The Roscón de Reyes
This is one of the most popular Christmas sweet treats and its consumption is a
long-maintained tradition in Spain, despite the fact that it marks an end to the
Christmas holidays. Its characteristic flavour and its varied fillings make it a firm
favourite among those family members with a sweet tooth.
In most Spanish homes the Roscón de Reyes is consumed on January 6th, either for dessert, for an afternoon snack or for breakfast with a cup of hot chocolate. It is also often consumed on January 5th and, increasingly, during the whole Christmas period. In addition to Roscón de Reyes, it is also called 'Rosca de Reyes' or just 'Roscón' and in Catalonia 'Tortell de Reis'.
It is made with a mixture of bread flour, sugar, milk, butter, eggs, fresh yeast, orange blossom water and orange and lemon zest. It is precisely these last ingredients that give the Roscón its characteristic citrus flavour. It is shaped like a ring or crown and adorned with coloured frosted fruits that, it is said, imitate precious stones. Inside it hides two surprises: a bean and a figurine. Tradition says that whoever finds the figure will be crowned king, while whoever gets the bean will pay for the roscón.
Despite its popularity, its history and tradition is little known and even a point of contention, depending on the historian consulted. Some say it comes from the Roman 'Saturnalia', a pagan festival that was celebrated every December, and where round cakes made with figs, dates and honey were distributed. Inside was hidden a dry bean, a symbol of prosperity, and whoever received it was acclaimed 'king for a day'.
Centuries went by and in the France of Louis XV the bean was replaced by a gold coin. It became popular throughout Europe and arrived in Spain at the hand of Felipe V. In the 19th century the gold coin was replaced by a figure and the bean was reintroduced but this time with a negative association, which has lasted to this day. Whoever got the bean had to pay for the cake. They say that is why the expression 'tonto del haba' (the bean fool) came about.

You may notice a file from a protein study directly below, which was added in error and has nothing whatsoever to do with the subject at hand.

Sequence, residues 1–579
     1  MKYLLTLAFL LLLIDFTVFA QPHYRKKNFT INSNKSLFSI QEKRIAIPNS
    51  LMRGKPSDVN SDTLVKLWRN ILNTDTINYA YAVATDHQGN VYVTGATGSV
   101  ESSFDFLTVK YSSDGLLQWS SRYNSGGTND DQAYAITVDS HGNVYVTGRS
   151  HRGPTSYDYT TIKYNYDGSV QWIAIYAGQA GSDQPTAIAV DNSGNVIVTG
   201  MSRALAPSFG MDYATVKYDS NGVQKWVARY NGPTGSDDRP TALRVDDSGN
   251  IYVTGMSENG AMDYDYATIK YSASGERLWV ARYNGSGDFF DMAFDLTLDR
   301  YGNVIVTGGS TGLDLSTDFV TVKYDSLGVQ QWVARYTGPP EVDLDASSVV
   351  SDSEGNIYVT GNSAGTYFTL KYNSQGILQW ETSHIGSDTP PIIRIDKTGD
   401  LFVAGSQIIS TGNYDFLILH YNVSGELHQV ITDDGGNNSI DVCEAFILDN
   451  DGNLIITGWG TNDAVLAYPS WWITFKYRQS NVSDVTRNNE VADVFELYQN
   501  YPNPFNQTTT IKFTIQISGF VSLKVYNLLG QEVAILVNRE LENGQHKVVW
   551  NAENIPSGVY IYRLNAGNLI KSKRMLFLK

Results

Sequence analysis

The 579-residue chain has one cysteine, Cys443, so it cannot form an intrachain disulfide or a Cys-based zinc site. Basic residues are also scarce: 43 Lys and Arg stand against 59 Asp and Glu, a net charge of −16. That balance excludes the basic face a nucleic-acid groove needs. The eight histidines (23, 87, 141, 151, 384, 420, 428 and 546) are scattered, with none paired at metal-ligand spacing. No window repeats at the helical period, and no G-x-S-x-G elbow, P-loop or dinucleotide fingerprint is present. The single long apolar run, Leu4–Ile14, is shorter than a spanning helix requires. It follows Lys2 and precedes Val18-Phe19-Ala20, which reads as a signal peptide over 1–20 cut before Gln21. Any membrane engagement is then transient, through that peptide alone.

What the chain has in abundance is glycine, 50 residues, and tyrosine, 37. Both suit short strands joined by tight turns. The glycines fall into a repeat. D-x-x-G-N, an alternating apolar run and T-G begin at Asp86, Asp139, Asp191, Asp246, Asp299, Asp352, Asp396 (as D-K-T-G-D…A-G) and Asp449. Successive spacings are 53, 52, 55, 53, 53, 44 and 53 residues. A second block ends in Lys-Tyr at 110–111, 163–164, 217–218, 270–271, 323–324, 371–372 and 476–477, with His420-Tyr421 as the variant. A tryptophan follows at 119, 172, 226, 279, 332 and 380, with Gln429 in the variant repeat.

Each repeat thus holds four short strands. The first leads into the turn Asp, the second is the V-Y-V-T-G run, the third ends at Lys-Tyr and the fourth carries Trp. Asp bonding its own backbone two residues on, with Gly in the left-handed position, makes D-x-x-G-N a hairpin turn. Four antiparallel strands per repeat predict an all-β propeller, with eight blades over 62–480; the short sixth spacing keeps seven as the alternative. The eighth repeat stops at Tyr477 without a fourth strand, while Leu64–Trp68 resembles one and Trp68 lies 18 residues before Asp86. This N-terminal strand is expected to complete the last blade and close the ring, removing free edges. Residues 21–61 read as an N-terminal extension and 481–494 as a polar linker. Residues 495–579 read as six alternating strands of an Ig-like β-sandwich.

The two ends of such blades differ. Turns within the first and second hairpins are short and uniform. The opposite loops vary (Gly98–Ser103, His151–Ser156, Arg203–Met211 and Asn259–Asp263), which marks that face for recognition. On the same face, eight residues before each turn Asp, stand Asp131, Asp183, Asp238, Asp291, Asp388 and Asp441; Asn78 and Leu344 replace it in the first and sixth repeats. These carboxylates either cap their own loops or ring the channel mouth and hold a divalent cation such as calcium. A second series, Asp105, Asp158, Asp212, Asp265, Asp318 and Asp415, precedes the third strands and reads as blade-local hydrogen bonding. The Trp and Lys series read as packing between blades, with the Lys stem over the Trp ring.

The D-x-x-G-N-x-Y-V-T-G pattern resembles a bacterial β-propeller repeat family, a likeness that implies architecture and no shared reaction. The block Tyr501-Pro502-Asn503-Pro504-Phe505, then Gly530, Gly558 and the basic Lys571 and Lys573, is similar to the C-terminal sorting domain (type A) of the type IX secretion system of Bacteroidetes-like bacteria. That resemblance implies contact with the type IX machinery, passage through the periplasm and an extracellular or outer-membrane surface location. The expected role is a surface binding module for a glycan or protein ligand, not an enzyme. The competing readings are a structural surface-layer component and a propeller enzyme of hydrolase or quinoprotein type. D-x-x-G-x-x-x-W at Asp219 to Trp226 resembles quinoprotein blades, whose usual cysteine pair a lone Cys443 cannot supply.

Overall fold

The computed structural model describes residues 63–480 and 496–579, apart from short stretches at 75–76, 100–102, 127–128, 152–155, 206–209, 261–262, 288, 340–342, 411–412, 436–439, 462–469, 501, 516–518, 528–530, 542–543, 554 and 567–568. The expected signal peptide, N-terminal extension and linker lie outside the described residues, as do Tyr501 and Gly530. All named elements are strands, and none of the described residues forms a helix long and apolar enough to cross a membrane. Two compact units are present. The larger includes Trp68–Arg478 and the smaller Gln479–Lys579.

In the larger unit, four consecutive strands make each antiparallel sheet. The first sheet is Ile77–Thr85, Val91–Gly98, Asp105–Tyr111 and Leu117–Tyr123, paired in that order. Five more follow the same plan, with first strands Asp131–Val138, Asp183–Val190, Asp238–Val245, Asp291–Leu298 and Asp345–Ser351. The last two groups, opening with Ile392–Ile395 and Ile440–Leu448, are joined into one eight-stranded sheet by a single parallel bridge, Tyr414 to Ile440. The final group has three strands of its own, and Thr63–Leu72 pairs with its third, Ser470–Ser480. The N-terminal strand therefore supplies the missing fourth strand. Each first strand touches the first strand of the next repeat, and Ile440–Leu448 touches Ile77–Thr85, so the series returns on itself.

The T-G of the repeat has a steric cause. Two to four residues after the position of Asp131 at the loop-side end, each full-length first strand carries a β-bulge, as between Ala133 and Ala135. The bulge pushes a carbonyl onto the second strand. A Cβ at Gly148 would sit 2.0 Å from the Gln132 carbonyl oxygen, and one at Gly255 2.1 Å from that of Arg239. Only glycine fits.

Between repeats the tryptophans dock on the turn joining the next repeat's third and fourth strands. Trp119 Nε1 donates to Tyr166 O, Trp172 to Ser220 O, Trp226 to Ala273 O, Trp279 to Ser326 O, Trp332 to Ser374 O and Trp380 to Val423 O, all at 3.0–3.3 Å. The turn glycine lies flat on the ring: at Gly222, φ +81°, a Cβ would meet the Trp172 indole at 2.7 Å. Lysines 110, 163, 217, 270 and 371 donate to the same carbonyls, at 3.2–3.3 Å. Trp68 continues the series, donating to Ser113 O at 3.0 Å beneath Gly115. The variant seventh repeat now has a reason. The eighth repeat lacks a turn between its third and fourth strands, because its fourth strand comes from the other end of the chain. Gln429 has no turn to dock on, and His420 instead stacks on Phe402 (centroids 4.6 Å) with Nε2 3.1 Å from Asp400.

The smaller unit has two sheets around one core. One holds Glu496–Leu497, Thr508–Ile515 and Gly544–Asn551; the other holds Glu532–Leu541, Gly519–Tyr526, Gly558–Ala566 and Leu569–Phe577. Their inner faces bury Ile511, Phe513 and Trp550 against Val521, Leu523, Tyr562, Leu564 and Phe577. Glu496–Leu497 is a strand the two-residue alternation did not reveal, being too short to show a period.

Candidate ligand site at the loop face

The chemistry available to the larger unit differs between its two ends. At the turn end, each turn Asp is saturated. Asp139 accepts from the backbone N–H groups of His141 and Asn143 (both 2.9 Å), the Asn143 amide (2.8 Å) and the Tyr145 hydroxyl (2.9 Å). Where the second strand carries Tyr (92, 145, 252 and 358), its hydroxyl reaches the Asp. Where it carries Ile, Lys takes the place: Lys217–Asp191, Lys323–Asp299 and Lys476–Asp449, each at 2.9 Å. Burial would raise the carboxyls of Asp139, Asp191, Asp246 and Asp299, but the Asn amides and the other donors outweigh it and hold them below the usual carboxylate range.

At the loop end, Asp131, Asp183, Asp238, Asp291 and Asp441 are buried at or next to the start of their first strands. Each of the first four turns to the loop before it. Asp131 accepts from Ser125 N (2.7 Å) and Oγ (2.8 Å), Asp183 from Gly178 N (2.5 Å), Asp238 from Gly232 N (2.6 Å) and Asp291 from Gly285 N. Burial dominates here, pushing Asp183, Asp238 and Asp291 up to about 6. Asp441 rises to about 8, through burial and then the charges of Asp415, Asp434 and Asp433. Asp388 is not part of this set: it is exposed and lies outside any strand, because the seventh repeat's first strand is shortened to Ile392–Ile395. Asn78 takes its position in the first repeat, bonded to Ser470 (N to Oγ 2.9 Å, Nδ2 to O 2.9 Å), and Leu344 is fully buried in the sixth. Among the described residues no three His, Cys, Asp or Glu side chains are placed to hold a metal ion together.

However, other historians site the origins of the tradition of celebrating January 6th, or Epiphany, with the roscón de Reyes, in an 11th century Christian festival known as 'the king of the bean'. As part of the festival, a child was chosen from among the poorest of the town to be crowned him as King of the Epiphany and be given gifts. Also, in people's homes, a large roscón was made in which a surprise was hidden and whoever received it in their slice was crowned king and got to preside over the table. Lastly, the origin of the Roscón de Reyes is also attributed to it being an edible representation of the 'Advent wreath'.
The most popular filling
Although, it seems that this sweet bun was not originally filled, with the passage of time it the dough was lightened with cream so that it would not be so dry and heavy. In fact, the 'roscón de nata' (cream-filled roscón) is the most popular in our country, although other types of filling are also common, such as chocolate, confectioner's cream or angel hair, among other.
Leyend of the Roscón de Reyes
"Here is the roscón de Reyes, a great banquet tradition which conceals two surprises for those who are lucky. In it, very well hidden, there is a bean and a figure; whoever is going to cut it must do so without mischief. Whoever finds something a bit hard in their mouth, may have the bean, or they may have the figure. If you have found the bean this dessert you will pay, but if it is the figure, you'll be crowned and King for a day".
Like most Christmas sweets, Roscón de Reyes is a calorific dessert, rich in carbohydrates and high in sugars. It has a reasonably high fat and cholesterol content, so we should not overindulge. It is rich in vitamins A and E and minerals such as iron, magnesium, zinc, and calcium.
Originally, the Roscón de Reyes was not made with filling. This latter was introduced over time to lighten the dough so it was not so dry and heavy.
- Portugal: it is called Bolo Rei and the ingredients are somewhat different from the Spanish ones, as the dough has dried fruits (walnuts, pine nuts and almonds) and raisins added. However, on the outside, it is very similar in appearance to that consumed in our country.
- France: the tradition of eating this sweet treat on Three Kings' Day also exists, and it is called Couronne or Galette des Rois.In this case it is totally different from the Spanish Roscón because it is made of puff pastry, pastry cream and almonds.
- Latin America: the custom was exported from Spain in the 16th century to countries such as Argentina, Mexico or Venezuela, but it is known as Rosca de Reyes. In Mexico, this sweet is garnished with honey, dates and figs.